An examination of the within-product category versus across-product category effects of partially comparative pricing
Partially comparative pricing involves a featured store providing price comparisons in reference to a competitor for some products (comparatively priced products) while omitting such comparisons and providing only its price for other products (non-comparatively priced products). Barone, Manning and Miniard (2004) found that while partially comparative pricing enhanced consumers' price perceptions of comparatively priced products at the featured retailer, it had the opposite effect for non-comparatively priced products (i.e., an inferiority effect). To the contrary, it is argued that a price comparison for one brand in a product category may enhance consumers' price perceptions of the remaining, non-comparatively priced brands within the same product category (i.e., a superiority effect). This research seeks to (a) examine the robustness of partially comparative pricing's effect in an across-product category context compared to a within-product category context and (b) extend the understanding of partially comparative pricing's within-product category effect on non-comparatively priced brands by examining potential moderators of this effect: brand diversity, brand typicality, and the relative expensiveness of the brand receiving the price comparison.^ The findings of four studies provide evidence to support the presence of a superiority effect in a within-product category context and suggests that the adverse effect of partially comparative pricing in an across-product category context may not be as robust as previously thought. Although the superiority effect was unaffected by brand diversity (i.e., whether the brands emanated from different manufacturers or from a single manufacturer), it was found to be moderated by the typicality of the brand receiving the price comparison as well as the comparison brand's relative expensiveness. Research participants formed more favorable relative price beliefs about the non-comparatively priced brand when the comparatively priced brand was perceived as a more typical member of the product category. Similarly, participants formed more favorable beliefs about the non-comparatively priced brand when the comparison price was assigned to the most expensive brand in the product category rather than the least expensive brand.^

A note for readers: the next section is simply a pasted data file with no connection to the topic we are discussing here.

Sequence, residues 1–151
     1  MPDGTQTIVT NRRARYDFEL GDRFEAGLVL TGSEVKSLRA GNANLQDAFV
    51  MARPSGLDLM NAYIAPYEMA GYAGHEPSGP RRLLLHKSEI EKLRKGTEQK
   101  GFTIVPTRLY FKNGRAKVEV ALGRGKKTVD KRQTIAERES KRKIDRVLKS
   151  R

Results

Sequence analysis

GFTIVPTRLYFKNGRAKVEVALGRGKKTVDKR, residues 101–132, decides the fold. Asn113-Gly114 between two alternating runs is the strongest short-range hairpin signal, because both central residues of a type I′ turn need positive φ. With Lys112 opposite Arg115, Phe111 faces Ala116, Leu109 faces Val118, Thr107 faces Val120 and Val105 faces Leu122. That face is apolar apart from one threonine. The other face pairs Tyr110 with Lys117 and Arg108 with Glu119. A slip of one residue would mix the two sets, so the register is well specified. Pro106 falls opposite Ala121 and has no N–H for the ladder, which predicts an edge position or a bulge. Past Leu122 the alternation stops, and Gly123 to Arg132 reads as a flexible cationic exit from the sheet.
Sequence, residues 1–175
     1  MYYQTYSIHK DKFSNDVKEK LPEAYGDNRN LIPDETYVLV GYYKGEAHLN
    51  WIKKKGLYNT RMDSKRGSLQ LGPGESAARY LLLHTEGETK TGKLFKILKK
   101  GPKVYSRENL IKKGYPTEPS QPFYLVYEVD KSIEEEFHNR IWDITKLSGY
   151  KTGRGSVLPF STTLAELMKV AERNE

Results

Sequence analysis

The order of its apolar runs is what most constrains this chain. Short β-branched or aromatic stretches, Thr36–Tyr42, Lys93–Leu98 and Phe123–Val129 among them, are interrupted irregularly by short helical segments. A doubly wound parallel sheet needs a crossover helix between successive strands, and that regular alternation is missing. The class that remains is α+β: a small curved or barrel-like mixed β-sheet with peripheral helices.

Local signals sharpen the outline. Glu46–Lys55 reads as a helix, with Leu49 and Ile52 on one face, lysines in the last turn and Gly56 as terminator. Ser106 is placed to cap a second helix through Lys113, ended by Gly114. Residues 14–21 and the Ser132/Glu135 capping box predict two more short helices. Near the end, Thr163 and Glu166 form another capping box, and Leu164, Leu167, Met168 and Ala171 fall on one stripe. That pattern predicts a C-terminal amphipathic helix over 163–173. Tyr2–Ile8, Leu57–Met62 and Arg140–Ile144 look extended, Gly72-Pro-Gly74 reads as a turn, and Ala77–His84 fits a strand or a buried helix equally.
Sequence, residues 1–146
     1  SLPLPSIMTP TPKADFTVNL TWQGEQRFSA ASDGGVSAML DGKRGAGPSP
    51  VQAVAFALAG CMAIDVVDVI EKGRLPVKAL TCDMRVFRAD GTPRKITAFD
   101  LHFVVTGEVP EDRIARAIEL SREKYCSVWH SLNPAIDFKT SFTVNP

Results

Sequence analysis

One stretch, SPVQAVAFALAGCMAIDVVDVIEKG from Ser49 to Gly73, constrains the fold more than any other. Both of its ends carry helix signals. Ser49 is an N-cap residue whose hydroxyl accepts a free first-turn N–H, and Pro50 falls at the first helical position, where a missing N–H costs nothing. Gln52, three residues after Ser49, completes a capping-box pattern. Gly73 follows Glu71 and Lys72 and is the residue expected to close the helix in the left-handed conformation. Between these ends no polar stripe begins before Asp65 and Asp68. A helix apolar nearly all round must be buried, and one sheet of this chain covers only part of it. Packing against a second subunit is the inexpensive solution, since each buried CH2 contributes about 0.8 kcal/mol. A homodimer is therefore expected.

Business Administration, Marketing
Shazad Mustapha Mohammed,
"An examination of the within-product category versus across-product category effects of partially comparative pricing"
(January 1, 2006).
ProQuest ETD Collection for FIU.